Students feel more comfortable in an alternative provision setting due to nurturing relationships. This fact has been mentioned by Allen-Hardy (2009). In her thesis, she sought to examine the students’ perceptions of an alternative intervention programme (AIP) in Virginia, USA. She also studied the students’ perceptions of the differences and/or similarities between the AIP and other educational settings. She found that none of the students spoke of a nurturing relationship where their needs were a priority and they cited problems at home, in the school and community that led to their disengagement with mainstream education. Another study was that carried by Harper in 2011 in Norway, where respect towards the students in an alternative centre was also mentioned. My research has found that boys are more prone to end in alternative provision due to low income and lack of encouragement at home. This was confirmed by Harper 2011 and also Russell and Thomson, 2011, among others. I have also found that the students appreciate more the smaller classes, as they can get individual attention. The fact that they can have personalised teaching and that the teacher has time to repeat was also widely commended. Students were more engaged with their learning in the alternative centre, in that they were able to choose the options that they wanted to learn. Students’ social background plays an important part in the educational achievement of pupils. This is confirmed by McCluskey et al. In their study done in Wales, they found that 70% of (A)lternative (E)ducation (P)rovision students who participated in a study in Wales are entitled to free school meals which is a clear indication that these students come from low income families. Such students are more prone to absenteeism or early school leaving (McCluskey et al., 2015).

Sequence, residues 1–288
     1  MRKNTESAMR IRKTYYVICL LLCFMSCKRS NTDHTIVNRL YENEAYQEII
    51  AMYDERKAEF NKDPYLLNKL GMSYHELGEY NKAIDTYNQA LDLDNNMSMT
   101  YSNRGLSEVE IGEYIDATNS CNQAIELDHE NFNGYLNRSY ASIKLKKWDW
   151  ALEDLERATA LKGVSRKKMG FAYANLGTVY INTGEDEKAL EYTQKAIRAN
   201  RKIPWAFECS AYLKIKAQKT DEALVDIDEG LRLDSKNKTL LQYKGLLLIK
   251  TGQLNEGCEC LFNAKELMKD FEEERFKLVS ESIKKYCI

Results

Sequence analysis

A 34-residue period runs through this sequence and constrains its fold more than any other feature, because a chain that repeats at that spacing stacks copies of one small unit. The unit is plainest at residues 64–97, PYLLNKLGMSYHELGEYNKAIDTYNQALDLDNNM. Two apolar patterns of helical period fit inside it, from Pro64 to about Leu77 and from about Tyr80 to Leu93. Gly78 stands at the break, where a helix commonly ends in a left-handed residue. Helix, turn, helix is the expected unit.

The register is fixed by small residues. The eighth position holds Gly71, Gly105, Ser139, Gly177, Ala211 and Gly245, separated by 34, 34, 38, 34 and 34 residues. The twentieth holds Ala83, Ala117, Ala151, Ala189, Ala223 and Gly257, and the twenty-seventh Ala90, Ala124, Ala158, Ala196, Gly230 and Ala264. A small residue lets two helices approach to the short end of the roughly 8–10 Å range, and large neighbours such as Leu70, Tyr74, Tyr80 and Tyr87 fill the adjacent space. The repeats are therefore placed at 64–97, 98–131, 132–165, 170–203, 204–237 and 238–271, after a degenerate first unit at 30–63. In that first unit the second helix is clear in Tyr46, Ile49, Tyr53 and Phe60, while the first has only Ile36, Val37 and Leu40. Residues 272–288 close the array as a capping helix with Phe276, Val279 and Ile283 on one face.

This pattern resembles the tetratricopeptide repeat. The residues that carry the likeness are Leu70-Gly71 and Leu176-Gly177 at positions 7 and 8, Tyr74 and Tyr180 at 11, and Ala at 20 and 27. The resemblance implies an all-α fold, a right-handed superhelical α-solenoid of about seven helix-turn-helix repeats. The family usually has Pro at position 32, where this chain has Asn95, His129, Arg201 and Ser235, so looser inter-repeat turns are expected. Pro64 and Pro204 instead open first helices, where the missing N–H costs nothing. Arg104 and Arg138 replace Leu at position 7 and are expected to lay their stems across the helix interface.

Allen-Hardy, B.B. (2009) A study of the impact of an alternative intervention program on improving student achievement, attendance, and discipline, Richmond, VA: Virginia Commonwealth University. Baker,S.E. & Edwards, R. (2012) How many qualitative interviews is enough? Expert voices and early career reflections on sampling and cases in qualitative research (online) Available from http://eprints.ncrm.ac.uk/2273/4/how_many_interviews.pdf [Accessed on 6th August 2017]. Eurostat (2015) The EU is moving closer to its Europe 2020 goals on education. (online) Available from http://ec.europa.eu/eurostat/documents/2995521/6787423/3-20042015-BP EN.pdf/b2f295ba-2e15-409c-bec9-91c4e49c5d32 [Accessed on 15th March, 2017]. Gibson, W. (2013) Qualitative Research as a Method of Inquiry in Education in Hartas, D. (ed.) (2013) Educational Research and Inquiry Qualitative and Quantitative Approaches, Great Britain: Bloomsbury. Ch.3. Harper, A., Heron, M., Houghton E., O'Donnell, S. & Sargent, C. (2011) International Evidence on Alternative Provision (INCA Thematic Probe). (online) Available from academia/International_evidence_on_alternative_pr.pdf [Accessed on 10th December, 2016]. Jahnukainen, M. & Helander, J.(2007) Alternative vocational schooling for the dropped out: students’ perceptions of the activity school of east Finland (online) Available from https://www.researchgate.net/publication/233085616_Alternative_vocational_schooling_for_the_dropped-out_Students%27_perceptions_of_the_Activity_School_of_East_Finland [Accessed on 23rd May, 2017]. McCluskey, G., Riddell, S. and Weedon, E. (2015) Children’s rights, school exclusion and alternative educational provision in International Journal of Inclusive Education, 19(6), pp. 595–607. Mason, M. (2010) Qualitative Social Research Forum (online) Available from http://www.qualitative-research.net/index.php/fqs/article/view/1428/3027 [Accessed on 5th August, 2017]. McGregor, G. & Mills, M. (2012) Alternative education sites and marginalised young people: ‘I wish there were more schools like this one’, (online) Available from http://www.tandfonline.com/doi/abs/10.1080/13603116.2010.529467[Accessed on 27th December, 2016]. Ministry of Education and Employment (2014) Early School Leaving Strategy. (online) Available from education.gov.mt/esl/Documents/School%20Leaving%20in%20Malta.pdf [Accessed on 21st November, 2016]. Robinson, O.C. (2013) Sampling in Interview-Based Qualitative Research: A Theoretical and Practical Guide. (online) Available from http://www.tandfonline.com/doi/full/10.1080/14780887.2013.801543?needAccess=true&instName=University+of+Warwick [Accessed on 17th September, 2017]. Russell, L. & Thomson, P. (2011) Girls and gender in alternative education provision in Ethnography and Education, 6 (3), pp.293- 308.